Hoot-Hoot: The Importance of Owls

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Owls have been portrayed as wise, and as birds of ill omen in turn. While there is much wonder about them, they are also killed and parts of their bodies are being used in rituals. They are considered as a biocontrol agent, keeping the agricultural pests in check, and reducing the farmer’s dependence on pesticides. It is time we recognize that they are friends of human beings and find ways to co-exist with them.


Mottled wood owl © Nazneen Sultan

They are one of the most recognised birds across the world, capable of turning their heads 270 degrees in both directions, with large hypnotic eyes and the most captivating gait. Owls are nothing short of extraordinary! Most owls are nocturnal hunters, capable of hunting in pitch dark and absolute silence with the help of their sharp hooked beak, strong talons and incredible hearing. There are more than 240 species of owls spread all across the world, of which India is home to over 32 species popularly known as the “Nocturnal Birds of Prey”.

WCS-India researcher Nazneen Sultan has studied these apex predators and their roles in structuring and functioning their ecosystem. “I was instantly captivated when I learnt that owls do not have a crop (an organ in birds which helps with digestion). These birds are capable of swallowing their prey and regurgitating them later. All the osseous and chitinous remains are regurgitated through mouth in the form of pellets,” says Nazneen.

Unlike most birds, different species of owls are known to have different kinds of roosting sites, some on trees and some on the ground near cliffs. According to researchers, owls can be our answer to rampant usage of pesticides and insecticides on farmlands. “Today, villagers are aware of the benefits of owls. They know owls feed on insect and rodent pests, which in turn leads to less dependence on pesticides and insecticides. Such studies help reveal the role of owls as a biocontrol agent in the agriculture field,” added Nazneen.

People for Animals rescues owls

In cities and urban areas, these owls are found quite often roosting on trees, buildings and abandoned structures. Sharing space with humans comes with its own complications, and this is where People for Animals comes in. 


Indian eagle owl © Nazneen Sultan

People for Animals is an organisation which specializes in urban wildlife rescues, and has so far rescued over thousands of owls from different kinds of conflict situations. A conversation with Colonel (Dr) Navaz Shariff, General Manager and Chief Veterinarian of PFA, helps us understand the plight of these birds better: “Most owls have been rescued as the consequence of escalating unplanned urbanisation in the city, man-animal conflict, illegal trade and manja entanglement (a nylon thread coated with powdered glass, used in kite-flying).”

Owls are protected

A major issue affecting these birds now in India is wildlife trafficking. Owls are surrounded by myths and superstitions. Some consider them god-like; others think they bring bad luck, using parts of their bodies in religious rituals (skull, feathers, ear, claws, heart, liver, kidney, blood, eyes, beak, and bones) and eventually sacrifice them in the name of such beliefs. In India, owls are protected under the Wildlife (Protection) Act, 1972. “They have a huge demand in the illegal market. So, we get many owls which have been used for black magic, with needles pierced through their bodies, eyes gouged out, ear tufts removed. On an average, we get about 20-25 black magic cases in a year. This year, it was around 19,” said Dr. Navaz.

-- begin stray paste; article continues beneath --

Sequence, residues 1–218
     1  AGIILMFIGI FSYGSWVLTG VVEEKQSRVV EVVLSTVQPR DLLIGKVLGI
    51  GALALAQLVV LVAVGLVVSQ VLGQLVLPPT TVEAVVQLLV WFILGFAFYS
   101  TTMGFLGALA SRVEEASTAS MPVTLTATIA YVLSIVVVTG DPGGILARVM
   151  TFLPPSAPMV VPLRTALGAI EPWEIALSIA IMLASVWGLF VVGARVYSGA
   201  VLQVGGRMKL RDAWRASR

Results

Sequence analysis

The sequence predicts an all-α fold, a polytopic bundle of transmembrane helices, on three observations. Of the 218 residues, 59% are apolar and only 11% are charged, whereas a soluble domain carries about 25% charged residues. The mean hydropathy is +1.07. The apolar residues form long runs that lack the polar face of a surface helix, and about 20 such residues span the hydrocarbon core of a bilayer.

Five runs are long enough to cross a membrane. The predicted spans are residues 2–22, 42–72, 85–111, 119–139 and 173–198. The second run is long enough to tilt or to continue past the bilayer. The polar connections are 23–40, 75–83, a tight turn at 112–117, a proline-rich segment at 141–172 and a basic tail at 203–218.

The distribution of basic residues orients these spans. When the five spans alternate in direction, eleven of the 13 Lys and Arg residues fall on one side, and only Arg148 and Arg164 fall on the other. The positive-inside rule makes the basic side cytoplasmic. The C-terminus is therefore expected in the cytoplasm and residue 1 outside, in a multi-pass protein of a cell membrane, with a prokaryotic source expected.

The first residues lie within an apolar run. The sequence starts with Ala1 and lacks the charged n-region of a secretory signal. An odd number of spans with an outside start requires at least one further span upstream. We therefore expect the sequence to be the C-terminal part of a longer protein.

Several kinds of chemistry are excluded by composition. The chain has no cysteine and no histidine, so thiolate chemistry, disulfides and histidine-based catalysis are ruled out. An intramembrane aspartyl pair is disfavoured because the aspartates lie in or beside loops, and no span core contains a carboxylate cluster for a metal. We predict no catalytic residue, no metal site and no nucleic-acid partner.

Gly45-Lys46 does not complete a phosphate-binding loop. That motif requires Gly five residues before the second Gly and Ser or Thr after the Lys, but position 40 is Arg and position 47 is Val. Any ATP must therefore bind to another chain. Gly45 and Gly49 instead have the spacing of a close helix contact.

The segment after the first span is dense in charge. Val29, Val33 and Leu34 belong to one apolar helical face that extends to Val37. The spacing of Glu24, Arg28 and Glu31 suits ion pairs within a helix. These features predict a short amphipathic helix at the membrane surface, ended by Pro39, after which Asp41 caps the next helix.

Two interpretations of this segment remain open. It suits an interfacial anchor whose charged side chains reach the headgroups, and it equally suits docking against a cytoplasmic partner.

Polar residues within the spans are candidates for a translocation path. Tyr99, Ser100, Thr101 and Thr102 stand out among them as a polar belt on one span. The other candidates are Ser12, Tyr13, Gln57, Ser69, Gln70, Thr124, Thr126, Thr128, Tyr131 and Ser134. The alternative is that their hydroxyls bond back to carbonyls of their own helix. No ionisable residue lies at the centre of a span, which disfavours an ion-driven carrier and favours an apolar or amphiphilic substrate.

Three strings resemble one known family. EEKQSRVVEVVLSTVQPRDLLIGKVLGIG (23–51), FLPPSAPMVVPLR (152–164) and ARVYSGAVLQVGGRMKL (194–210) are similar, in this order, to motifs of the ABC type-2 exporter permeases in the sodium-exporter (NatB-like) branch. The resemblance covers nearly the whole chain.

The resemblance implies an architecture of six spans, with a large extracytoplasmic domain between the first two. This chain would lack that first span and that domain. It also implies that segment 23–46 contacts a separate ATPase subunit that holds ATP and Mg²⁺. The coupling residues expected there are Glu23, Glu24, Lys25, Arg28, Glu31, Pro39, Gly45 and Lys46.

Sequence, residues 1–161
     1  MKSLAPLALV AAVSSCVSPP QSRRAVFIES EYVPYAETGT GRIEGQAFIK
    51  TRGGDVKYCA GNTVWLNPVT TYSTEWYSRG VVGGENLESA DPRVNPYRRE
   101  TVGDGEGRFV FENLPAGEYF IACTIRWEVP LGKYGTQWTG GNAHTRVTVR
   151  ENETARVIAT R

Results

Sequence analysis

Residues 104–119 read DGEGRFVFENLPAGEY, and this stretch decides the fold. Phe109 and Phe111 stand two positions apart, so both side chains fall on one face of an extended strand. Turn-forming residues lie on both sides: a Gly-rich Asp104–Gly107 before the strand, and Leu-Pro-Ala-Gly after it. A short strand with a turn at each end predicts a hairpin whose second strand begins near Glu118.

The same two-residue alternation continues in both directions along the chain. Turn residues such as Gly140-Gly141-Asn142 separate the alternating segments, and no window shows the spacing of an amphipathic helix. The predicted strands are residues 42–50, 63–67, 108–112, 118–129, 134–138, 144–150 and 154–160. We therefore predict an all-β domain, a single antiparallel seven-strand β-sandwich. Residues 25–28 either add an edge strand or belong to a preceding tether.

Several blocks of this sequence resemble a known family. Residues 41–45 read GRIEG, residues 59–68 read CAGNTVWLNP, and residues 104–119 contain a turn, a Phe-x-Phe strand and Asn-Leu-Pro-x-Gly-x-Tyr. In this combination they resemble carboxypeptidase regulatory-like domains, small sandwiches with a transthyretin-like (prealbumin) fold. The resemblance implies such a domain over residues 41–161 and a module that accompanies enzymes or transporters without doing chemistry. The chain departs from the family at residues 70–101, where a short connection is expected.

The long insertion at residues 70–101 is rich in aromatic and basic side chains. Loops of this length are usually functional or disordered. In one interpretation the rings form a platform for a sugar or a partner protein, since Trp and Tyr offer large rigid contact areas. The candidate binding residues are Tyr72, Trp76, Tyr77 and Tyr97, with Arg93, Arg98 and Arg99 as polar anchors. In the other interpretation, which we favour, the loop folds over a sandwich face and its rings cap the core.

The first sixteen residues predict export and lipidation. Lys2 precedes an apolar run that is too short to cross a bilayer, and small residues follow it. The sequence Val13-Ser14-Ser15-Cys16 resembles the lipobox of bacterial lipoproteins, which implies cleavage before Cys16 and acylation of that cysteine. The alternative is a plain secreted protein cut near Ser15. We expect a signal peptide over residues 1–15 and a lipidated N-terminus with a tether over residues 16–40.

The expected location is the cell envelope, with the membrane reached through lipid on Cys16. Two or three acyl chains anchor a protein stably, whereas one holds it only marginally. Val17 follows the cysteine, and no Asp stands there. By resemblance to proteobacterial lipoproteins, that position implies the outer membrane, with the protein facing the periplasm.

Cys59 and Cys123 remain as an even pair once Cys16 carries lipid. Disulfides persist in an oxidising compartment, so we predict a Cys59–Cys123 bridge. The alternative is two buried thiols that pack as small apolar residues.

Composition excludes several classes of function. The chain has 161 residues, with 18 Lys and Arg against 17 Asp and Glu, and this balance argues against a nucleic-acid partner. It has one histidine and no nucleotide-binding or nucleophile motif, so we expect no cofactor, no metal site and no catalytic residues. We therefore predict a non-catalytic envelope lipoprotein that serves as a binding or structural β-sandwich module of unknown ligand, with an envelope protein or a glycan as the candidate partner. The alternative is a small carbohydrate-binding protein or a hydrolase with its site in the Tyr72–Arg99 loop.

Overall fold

With years of working with owls behind him, Dr. Navaz highlights how vital owls are: “They play a very important role in controlling the rodent population. A family of 5 owls can consume about 3,000 rodents in one breeding season, thus helping reduce damage to crops. They are phenomenal in pest control and help maintain the food chain. Owls also get rid of diseased rodents and stop the spread of zoonotic diseases.” 


Brown fish owl © Nazneen Sultan

With owls in dire need of help today, he lists what we can do to save them: “Critical conservation of habitat with prior research, and social awareness by educating the public about an owl’s role in the environment. Building social awareness against superstition will help implementation of stringent legal action against poaching and trading. There is no place for them to nest and breed due to rapid urbanisation. Their habitat must be protected, their nesting places saved. We need to study them to learn such details,” he says.

Owls have been known to lay eggs over the course of a few days; hence, when they do hatch, there is a difference in size. This phenomenon plays a huge role in determining the owlets which survive, which is most commonly the first ones that hatched.

Save owls, they are our friends

People for Animals has addressed 2 lakh students so far about the important roles snakes and owls play, and how they are friends of human beings, thus breaking the myth that they bring bad luck.

Owls have been a part of legends, literature and culture for ages. From Hedwig in Harry Potter, to Greek mythology and owl accessories that people love, owls have been portrayed as wise and good omens, too. Researchers like Nazneen try to understand these birds so that we can find more ways to co-exist and help save them. 

Written by Anisha Iyer

Anisha Iyer, A post-grad in Wildlife Management, she has worked briefly as an intern studying otters, monitoring gibbons and macaques at a rescue centre, besides volunteering with Wildlife SOS. She works as the Communication Expert at WCS-India.


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